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Social anxiety is crippling

T

Turqouise

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Oct 25, 2020
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1
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Melbourne
feel like my social anxiety is getting out of control and really affecting my life.
And I'm so scared that I'm going to feel like this for life.

It's gotten worse with lockdown restrictions easing. Me and my partner have been meeting his friends and although they're all nice, I just can't relax and enjoy myself. I feel like I look anxious and then I panic because I haven't said anything for a while and I just feel like I'm going to be known as the boring one.

It's so frustrating because I have a bubbly personality, I just find it impossible to show in a group setting with new people. It's making me dread the weekends because I know we'll be seeing people.

I actually find it easier meeting strangers for example rather than with my partner and his friends because I feel so embarrassed him seeing me like that.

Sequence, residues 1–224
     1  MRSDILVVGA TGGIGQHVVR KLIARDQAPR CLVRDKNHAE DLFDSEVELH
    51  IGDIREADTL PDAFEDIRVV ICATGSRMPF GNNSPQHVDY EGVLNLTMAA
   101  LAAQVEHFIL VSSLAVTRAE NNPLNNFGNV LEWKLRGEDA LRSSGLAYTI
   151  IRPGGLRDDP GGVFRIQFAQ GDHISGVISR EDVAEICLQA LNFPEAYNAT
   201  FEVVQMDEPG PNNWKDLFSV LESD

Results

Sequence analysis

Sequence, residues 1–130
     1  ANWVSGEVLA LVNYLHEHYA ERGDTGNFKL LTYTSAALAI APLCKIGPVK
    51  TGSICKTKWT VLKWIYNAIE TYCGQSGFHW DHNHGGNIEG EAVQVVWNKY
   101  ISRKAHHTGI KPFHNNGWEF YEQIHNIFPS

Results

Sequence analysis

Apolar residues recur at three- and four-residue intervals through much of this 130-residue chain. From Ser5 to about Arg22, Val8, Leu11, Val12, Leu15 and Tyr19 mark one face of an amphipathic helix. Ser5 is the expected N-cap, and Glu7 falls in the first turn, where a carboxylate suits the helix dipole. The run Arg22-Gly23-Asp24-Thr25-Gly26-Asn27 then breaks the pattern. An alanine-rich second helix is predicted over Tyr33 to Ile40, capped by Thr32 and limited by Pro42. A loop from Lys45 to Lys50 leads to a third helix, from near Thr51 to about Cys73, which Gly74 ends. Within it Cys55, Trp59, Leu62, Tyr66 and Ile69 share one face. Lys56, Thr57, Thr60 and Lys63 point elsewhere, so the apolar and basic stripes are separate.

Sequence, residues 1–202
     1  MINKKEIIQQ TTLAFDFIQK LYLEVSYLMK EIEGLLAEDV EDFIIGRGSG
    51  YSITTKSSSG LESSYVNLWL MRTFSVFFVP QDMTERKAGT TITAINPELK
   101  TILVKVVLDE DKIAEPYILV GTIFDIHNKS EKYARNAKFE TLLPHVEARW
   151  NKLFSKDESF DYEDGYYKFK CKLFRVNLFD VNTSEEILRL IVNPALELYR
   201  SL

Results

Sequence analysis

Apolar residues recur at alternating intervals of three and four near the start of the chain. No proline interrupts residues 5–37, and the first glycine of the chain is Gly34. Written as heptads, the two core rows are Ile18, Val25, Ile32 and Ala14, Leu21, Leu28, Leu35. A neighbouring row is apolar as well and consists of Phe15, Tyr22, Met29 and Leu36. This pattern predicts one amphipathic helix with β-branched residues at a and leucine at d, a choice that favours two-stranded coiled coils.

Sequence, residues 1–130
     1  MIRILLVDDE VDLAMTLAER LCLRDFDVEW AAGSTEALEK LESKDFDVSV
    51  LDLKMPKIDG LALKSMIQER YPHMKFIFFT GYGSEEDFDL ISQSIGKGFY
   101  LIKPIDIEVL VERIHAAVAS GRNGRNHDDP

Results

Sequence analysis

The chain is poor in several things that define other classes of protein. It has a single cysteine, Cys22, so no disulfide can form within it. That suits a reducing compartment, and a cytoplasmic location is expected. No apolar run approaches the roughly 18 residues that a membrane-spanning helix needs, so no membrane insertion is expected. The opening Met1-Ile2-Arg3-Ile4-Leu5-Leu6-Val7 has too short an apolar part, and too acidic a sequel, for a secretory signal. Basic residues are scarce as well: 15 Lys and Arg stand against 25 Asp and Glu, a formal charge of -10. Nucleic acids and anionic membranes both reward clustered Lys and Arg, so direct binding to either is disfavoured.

I think I've come to a point where I know I should go to therapy, but I'm so scared that it won't work and that's my last hope. I'm generally a happy person, but the social anxiety is making me depressed. I just wish I could fake looking confident, but I know I just sit there looking nervous, which in turn makes me more nervous.

I'd say I've had social anxiety for 15 years maybe, but it's definitely getting worse. I just want to enjoy life, I feel so sad to think I'm spending all my time worrying about future social events, then worrying about how I looked after.

It's so crippling and I just wish there was a quick fix. I've spoken to my partner about it but I know he thinks it isn't that bad. Maybe because we haven't had to be in many social situations the last few months.

I'm from the UK and once restrictions ease I plan to join some groups and put myself out there. Although I know I'll just be a shell of myself. I just want to be happy and carefree again.
Any advice
 
Talina

Talina

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It’s good that you are trying to get help to handle your social anxiety. There never a fast fix and therapy can be a good first step for you.

I think putting yourself out there make it a bit easier to handle and will be a good step. Myself aren’t at my worse but I’ve gotten better at talking with new people compared how I was before. But it have been a slow process at least I don’t start crying and have a breakdown. For me it have helped putting myself out there slowly and going outside my comfort zone. Like I’ve been trying to wire myself it will be all okay.

But social aniexty truly is a restriction and can be crippling.
 
hicks

hicks

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A galaxy, far far away..
Are you better at talking to people on a one to one basis?
I'm still very anxious about group social situations, hate being the centre of attention, and get nervous when everyone's looking at me.